1. I didn’t follow the development if it. I just read that it was signed into law. It is a pretty good idea. You see anything like it elsewhere? Aah Washington. Amazon, Microsoft, Good wine and human composting. Such a cutting edge state we have.

      Liked by 1 person

  2. I used to have a backyard like that. Now my back yard is Lake Michigan.

    And FYI, the founding fathers didn’t make religion tax exempt. The federal government largely funded itself by taxing trade (through tariffs). There were no business taxes or income taxes. Taxing alcohol was always lucrative, so that was a major source (and a cause of the Whiskey Rebellion).

    As taxes on property, income, etc. were created, mostly in the states, that is where religions got their passes. This was fueled by the legislators financially supporting their own churches and sucking up to religious voters.

    Liked by 1 person

    1. I could go for a lakeyard. I bet it’s a little chilly in the winter. That’s a good little history lesson prof. Thanks for that. Exceptions for special interest to get votes is how great nations are built I suppose.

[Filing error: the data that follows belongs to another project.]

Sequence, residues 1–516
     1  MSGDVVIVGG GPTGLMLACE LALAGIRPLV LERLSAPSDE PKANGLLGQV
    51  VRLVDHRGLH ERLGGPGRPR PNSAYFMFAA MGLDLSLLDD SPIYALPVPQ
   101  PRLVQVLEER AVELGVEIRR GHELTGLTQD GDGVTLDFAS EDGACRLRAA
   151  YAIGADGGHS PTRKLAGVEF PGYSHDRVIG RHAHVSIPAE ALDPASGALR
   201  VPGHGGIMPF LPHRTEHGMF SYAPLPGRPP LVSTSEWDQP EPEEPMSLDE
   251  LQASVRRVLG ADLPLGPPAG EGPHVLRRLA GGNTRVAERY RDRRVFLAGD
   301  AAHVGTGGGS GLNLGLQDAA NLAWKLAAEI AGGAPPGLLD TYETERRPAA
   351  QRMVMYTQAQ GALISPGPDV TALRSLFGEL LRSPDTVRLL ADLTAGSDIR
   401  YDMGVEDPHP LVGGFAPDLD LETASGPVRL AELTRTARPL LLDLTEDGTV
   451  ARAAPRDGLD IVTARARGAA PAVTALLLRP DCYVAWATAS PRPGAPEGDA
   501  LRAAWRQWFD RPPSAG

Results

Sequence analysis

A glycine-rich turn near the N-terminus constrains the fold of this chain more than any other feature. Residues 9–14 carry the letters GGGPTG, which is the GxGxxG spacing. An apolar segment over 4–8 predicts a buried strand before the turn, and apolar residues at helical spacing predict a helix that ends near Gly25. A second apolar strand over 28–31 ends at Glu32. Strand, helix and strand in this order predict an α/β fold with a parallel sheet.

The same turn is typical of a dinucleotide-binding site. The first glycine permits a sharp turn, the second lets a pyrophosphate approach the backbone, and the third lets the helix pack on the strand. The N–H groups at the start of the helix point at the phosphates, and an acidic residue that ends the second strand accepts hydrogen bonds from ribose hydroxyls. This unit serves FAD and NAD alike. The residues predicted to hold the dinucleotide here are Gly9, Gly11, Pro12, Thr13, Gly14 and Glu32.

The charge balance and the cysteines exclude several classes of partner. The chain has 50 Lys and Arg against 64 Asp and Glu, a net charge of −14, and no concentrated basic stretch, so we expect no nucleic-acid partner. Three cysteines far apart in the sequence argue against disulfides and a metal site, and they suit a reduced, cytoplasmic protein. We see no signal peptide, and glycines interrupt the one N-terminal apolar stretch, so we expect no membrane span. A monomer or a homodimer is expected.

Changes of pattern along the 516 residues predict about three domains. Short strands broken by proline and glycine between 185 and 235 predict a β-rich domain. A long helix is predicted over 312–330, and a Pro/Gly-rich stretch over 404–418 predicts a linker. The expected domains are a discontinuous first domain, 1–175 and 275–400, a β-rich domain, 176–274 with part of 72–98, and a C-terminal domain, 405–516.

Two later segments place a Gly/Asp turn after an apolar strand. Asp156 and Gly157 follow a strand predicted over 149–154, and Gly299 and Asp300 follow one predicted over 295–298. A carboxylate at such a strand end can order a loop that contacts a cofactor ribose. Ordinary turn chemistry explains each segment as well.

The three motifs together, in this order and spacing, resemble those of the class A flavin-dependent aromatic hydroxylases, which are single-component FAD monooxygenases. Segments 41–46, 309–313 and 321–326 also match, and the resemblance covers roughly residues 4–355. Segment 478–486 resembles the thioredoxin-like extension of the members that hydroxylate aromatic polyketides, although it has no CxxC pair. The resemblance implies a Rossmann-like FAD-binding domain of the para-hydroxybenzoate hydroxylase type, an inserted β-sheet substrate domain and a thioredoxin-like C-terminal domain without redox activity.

3. I’ll be buried sans embalming and casket in a hole in the ground among the pinyon and juniper trees. Only charge is $500 for the backhoe to dig and fill the hole. Becoming worm food is essentially composting. I wouldn’t be surprised if that’s really what this new law means. Someone decided to come up with a sensational headline, I suspect.

    Liked by 3 people

    1. I’d go that way too, but local statutes won’t allow it. I’ve elected to be cremated, but will have to be “Officially” declared dead, and embalmed before I’m incinerated. Seems like an awful lot of waste. I wonder how well formaldehyde burns. 😕 Then the daughter can use me to fertilise her Rose of Sharon. 😆

      Liked by 2 people

  4. I love your back yard, Jim. As to human bodies as compost, that’s just the tip of the iceberg to prepare for a massive exodus of humans aboard Elon Musk’s Space X to take millions of humans into space on his “palatial” space arks. They’ll need compost to grow food and people will die so, simple math, yes?

    Liked by 1 person